Property Council of Australia Develops Platform for Modern Slavery Data

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The Property Council of Australia (PCA) is leading a collaborative group of the 17 largest property companies in developing a tech platform that gathers and collates information from industry suppliers on their modern slavery exposures in operations and supply chain.

Robin Mellon, CEO of Better Sydney and member of the Australian government’s Modern Slavery Expert Advisory Group. The collaborative group, which includes Vicinity, Dexus, Mirvac and others, have paid for the development of a tech solution via Informed 365 to gather pre-competitive information from more than 1,000 supplier companies in the cleaning and security sectors in its pilot phase. The goal is to create a single source of reporting for suppliers and a pool of information that property companies can use when developing their Modern Slavery statements in accordance with the Australian Modern Slavery Act.

“This is a way of trying to look at the information and look at not just what do we know about our suppliers and what they know, and how they assess and address risks, but also what happens when we look at the suppliers all at once,” said Robin Mellon, CEO of Better Sydney and member of the Australian government’s Modern Slavery Expert Advisory Group. “The 17 largest property companies that are involved have a lot of shared suppliers, so how do we make this as easy as possible to collect the information, and how do we make it as easy as possible for the suppliers to report?”

“Informed 365 worked with the Property Council of Australia to develop a self-assessment questionnaire for suppliers to report on their modern slavery exposures, management and monitoring processes, as well as a risk framework to allow the property companies to assess their exposures to their tier one and tier two suppliers”, said Nicholas Bernhardt, CEO of Informed 365.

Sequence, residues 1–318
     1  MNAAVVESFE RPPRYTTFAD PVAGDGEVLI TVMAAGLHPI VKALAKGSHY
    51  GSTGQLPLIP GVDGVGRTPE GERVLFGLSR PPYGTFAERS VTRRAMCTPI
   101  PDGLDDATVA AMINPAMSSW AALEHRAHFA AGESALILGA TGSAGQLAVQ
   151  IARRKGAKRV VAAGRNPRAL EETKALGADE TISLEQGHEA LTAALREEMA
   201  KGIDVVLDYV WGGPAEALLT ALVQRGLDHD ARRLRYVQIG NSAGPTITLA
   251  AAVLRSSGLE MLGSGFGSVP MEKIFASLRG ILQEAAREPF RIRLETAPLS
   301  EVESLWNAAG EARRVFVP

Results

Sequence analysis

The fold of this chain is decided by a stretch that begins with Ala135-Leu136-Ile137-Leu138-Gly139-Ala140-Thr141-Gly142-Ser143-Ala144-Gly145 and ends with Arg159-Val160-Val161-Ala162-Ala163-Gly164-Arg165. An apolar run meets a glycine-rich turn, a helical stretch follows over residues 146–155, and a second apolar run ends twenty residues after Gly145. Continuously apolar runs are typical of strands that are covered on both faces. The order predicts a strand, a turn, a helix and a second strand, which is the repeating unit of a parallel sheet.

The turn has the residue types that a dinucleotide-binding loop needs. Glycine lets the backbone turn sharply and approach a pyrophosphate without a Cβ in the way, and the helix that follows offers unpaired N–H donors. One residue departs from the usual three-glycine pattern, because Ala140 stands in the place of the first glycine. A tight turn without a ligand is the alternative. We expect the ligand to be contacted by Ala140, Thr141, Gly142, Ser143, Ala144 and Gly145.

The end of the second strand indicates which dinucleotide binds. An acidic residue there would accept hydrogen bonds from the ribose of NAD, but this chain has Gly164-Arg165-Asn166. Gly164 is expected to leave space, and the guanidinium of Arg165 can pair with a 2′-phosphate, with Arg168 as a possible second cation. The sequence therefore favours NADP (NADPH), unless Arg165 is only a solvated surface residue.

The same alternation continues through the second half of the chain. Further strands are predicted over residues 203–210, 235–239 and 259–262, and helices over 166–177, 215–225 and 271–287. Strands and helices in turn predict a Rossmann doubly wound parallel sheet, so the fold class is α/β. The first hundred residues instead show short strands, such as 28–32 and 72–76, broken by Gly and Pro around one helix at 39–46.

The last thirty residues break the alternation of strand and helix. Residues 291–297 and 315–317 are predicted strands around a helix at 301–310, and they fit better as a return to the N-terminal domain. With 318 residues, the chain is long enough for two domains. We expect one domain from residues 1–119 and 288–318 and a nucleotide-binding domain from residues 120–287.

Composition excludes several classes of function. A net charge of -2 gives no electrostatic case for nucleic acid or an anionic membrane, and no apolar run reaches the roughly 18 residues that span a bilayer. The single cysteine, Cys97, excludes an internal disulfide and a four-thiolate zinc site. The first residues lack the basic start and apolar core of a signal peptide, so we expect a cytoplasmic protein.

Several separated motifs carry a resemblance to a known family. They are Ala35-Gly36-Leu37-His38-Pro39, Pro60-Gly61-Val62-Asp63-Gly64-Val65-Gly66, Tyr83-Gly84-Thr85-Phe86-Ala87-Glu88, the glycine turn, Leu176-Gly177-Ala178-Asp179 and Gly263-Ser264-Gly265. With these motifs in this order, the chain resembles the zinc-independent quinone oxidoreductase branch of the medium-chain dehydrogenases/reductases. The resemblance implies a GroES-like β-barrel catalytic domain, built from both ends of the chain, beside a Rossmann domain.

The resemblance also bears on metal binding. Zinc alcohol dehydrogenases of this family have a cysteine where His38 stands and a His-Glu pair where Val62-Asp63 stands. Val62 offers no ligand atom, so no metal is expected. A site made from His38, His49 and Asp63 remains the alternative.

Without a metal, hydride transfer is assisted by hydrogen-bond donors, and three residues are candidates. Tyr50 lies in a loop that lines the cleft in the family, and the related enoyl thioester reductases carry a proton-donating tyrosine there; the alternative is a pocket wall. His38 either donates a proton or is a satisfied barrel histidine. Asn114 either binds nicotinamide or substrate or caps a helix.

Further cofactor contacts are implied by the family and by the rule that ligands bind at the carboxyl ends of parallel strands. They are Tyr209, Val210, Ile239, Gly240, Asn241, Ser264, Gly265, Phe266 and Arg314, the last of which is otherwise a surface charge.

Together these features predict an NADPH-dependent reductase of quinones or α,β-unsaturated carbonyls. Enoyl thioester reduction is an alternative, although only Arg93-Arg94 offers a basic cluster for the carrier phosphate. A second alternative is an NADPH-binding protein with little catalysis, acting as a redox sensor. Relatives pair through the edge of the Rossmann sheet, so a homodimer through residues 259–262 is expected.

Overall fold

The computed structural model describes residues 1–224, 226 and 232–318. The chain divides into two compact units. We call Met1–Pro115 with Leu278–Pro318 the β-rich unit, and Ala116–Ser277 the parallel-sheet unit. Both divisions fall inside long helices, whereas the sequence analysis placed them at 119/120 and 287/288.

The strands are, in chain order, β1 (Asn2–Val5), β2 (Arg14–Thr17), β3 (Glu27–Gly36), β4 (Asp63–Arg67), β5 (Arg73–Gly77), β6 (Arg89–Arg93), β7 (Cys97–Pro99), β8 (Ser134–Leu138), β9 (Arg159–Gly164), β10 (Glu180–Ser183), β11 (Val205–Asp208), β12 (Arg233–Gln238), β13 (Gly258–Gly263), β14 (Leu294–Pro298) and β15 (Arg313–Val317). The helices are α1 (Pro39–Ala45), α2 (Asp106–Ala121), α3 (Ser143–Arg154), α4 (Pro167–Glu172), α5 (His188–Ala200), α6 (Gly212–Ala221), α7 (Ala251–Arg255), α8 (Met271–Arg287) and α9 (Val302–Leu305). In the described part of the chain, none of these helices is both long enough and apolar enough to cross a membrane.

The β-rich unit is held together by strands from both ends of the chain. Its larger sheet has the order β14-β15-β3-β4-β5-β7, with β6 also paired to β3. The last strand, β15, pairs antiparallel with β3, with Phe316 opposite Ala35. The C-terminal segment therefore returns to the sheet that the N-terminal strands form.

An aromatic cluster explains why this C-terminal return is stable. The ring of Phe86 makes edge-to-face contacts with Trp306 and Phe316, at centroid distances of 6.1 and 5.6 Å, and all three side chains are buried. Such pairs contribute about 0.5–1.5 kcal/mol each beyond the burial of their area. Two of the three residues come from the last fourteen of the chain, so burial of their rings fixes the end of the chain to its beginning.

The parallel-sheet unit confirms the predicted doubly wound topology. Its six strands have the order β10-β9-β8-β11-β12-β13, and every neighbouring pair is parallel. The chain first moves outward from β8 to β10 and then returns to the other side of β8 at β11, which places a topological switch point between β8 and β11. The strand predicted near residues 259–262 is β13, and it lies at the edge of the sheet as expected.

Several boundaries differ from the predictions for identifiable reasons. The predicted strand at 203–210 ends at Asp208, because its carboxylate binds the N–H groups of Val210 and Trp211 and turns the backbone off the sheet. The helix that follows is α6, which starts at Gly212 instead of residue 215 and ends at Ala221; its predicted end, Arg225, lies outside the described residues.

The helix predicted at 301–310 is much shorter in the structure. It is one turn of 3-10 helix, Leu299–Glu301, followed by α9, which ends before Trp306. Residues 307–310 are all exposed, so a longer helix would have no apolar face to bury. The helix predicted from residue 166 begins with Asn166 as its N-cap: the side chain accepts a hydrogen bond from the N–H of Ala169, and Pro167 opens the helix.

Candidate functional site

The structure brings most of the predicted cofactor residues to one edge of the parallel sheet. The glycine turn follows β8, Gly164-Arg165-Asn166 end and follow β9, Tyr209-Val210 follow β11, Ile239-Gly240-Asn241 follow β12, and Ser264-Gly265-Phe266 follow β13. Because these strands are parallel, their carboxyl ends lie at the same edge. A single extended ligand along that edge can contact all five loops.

“To test the process, Informed 365 and the Property Council of Australia decided to focus on the cleaning and security sectors in its pilot stage, because those two supplier sectors were identified as bearing higher risk of modern slavery violations. The process of communicating to the common suppliers for the participating companies, as well as the collection and collation of data was a learning process”, Bernhardt said.

“The primary learning was we have to also advise the suppliers why they’re filling in these forms,” Bernhardt said. “A lot of them say, modern slavery, never heard of this, why bother? So we had to develop and provide educational material as part of this to give the suppliers a bit of clarity around why they’re completing this. The second learning was that to drive completion rates up, we have to automate email reminders, which is something that is an integral part of the solution.”

“Providing suppliers with education about modern slavery, the Modern Slavery Act, and how to fill out the questionnaire was integral to the solution because part of the proposal was to build out supplier knowledge and capability to provide more transparency year on year,” Mellon said.

“One of the outcomes from the project is that, understandably, everybody is at different levels of knowledge and maturity,” Mellon said. “If organisations do a little bit of learning through each period, by the time the next supplier assessment comes around, they are almost always in a better place.”

Acting as a collaborative group also allows the property sector to use its economies of scale to work with suppliers domestically and internationally to improve their practices around modern slavery.

Informed 365 is working more than 3,000 Australian companies that are legally required to report under the Modern Slavery Act, meaning that there are other industry applications beyond the property sector.

“At this stage, we’re about to launch two more industry specific standards, relating to the healthcare insurance sector and the energy utility sector,” Bernhardt said. “The idea behind that is to standardise the self-assessment questionnaire. We have the PCA data, and we’ll likely have 50,000 supplier companies in that database in 12 months’ time. We have the same in the healthcare one as well, and it’d be sad if the data wasn’t integrated.”

“That’s the other idea – what we’re also thinking of is opening up the back end for suppliers to say, here are the standardised set of questions, answer them once here, and try to develop a standard, because otherwise we’d have a siloed solution. About 80% of the questions would be generic, with 20% that are industry specific.”

By Rachel Alembakis

Publisher/Editor at The Sustainability Report

Rachel Alembakis has published The Sustainability Report since 2011. She has more than a decade of experience writing about institutional investments and pension funds for a variety of publications.